Please don’t ask me any questions right now.
I’ve got this one big question I’m concentrating on, one that I‘m using all my powers of cognizance on in hopes of arriving at an answer.
It’s very complicated because it involves a time warp.
To be precise, events that happened in my life half a century or so ago are now appearing as though they happened just within the past week or so.
It all began with a phone call last week from Marcus McCleese in Olive Hill.
Last week I wrote about Marcus and his buddy, Arnold Greenhill, breaking the ice on Kinniconick Creek to launch their boat.
Within the next couple of hours Marcus would hook and bring into the boat one of the biggest muskies ever surrendered by the Lewis County stream.
I didn’t mention it then but that was the third time I’ve wrote about Marcus catching that big wintertime fish.
The second time was five years ago.
And the first time I wrote about it?
Fifty years ago – in 1972, when the catch actually took place.
I had gone to work as a reporter for the Portsmouth Daily Times in 1971.
All the information I got about the catch came from Mrs. Roe of Roe’s grocery in Camp Dix, where Marcus had brought his fish in to weigh.
Her meat scales did not go high enough to weigh it.
But they measured it – 52 and one-half inches. Marcus came back later to tell her that it weighed a fraction over 31 pounds.
I had no reason to doubt Mrs. Roe’s report.
But for 50 years, off an on, I tried to reach Marcus in an effort to determine that I had all the facts right, and perhaps for more details on the battle.
I tried again when I wrote about the catch in 2017.
Was Marcus McCleese still alive and well in Olive Hill, Kentucky?
Well, I was still alive. And Marcus was probably younger than me.
Everybody, it seems, is younger than me these days.
And then last week comes this phone call from Marcus, who had read the column.
I wasn’t home.
He left a message, but no phone number.
And for some reason his number did not register on the phone.
The number listed for him in my 30-year-old Olive Hill phone book does not work.
Even the information lady on 411 had no luck.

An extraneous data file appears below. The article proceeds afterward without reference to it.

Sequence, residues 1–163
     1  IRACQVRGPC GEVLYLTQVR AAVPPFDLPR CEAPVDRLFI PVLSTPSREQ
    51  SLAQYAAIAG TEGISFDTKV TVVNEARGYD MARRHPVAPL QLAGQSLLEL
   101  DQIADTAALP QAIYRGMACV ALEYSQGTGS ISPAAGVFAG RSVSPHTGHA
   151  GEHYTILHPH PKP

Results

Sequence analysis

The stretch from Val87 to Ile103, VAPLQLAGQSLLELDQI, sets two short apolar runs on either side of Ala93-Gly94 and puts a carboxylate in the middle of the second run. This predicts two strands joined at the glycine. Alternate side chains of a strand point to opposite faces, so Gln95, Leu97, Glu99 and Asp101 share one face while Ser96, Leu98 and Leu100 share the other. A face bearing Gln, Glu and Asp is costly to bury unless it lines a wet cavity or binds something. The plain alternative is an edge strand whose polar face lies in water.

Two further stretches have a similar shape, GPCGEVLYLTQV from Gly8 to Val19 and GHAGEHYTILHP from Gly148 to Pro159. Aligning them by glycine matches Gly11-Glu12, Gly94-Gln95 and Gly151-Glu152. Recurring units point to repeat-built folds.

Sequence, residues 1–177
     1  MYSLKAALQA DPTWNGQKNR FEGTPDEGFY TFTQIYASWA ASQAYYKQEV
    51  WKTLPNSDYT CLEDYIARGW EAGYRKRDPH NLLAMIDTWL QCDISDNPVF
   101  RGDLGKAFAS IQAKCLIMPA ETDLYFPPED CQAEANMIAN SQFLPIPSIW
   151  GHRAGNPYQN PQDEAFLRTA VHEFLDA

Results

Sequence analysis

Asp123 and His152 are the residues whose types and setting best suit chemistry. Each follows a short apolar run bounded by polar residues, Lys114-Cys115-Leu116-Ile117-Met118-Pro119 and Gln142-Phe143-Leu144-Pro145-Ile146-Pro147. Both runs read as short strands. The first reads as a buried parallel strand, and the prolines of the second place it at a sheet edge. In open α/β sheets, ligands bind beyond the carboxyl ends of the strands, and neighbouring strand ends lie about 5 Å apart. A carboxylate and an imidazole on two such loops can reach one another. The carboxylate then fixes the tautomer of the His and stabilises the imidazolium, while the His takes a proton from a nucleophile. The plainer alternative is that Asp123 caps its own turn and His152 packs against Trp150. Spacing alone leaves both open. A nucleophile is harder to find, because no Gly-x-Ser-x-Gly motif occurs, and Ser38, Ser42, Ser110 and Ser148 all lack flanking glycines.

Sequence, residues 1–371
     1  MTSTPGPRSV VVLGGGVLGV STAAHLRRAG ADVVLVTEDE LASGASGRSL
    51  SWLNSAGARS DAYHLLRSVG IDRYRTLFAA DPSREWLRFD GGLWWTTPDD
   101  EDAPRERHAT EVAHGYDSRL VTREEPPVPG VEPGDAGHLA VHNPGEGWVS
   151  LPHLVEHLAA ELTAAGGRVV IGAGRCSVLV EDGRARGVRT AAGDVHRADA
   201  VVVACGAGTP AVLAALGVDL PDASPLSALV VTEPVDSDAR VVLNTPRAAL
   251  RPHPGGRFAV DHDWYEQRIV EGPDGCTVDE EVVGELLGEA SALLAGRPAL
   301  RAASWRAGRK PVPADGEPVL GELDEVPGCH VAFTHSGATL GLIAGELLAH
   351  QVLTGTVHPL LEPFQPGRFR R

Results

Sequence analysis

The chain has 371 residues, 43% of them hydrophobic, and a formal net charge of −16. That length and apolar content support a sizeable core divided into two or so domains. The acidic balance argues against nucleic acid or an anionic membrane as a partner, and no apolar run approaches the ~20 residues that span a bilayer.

So, I’m still hoping to someday talk to Marcus about his big catch.
And now, my feeble brain is wondering: Marcus, did you catch that muskie 50 years ago?
Or was it last week?
TIME TO BE NO MORE
Speaking of time, if I can manage to live 34 more days, I will reach the double eight.
Checking with my genealogical report, I find that I will become the first member of the Piatt clan to reach such an astronomical number of years.
Most of them have passed on in their 70s.
Aunt Mae, who worked long years as a cook in the Jewish Home in Cincinnati, might have reached her 80s.
Mom and Dad both died at age 87.
I have often thought that might be the year my number is up.
I’ve already had a prayer answered: I have gotten to see the tulips in the front yard bloom again. And one day next week I hope to accomplish my first fishing trip of the spring.
We all want to stay here as many days or years that we can.
But, because of loved ones who have gone on, we yearn to check that place out, too.
And what better day for that than the day Jesus arose from the dead and left us with a promise, by faith believing, of eternal life?
The poet, James Whitcomb Riley (1846-1916), said it best about those loved ones who have left this life believing in Him and His promises:
I cannot say, and I will not say
That she is dead. She is just away.
With a cheery smile, and a wave of the hand,
She has wandered into an unknown land.
And left us dreaming how very fair
It needs must be, since she lingers there.
And you – oh you, who the wildest yearn
For the old time step, and the glad return,
Think of her faring on, as dear
In the love of There as the love of Here.
Think of her still as the same, I say,
She is not dead – she is just away.
Reach G SAM PIATT at [email protected] or (606) 932-3619.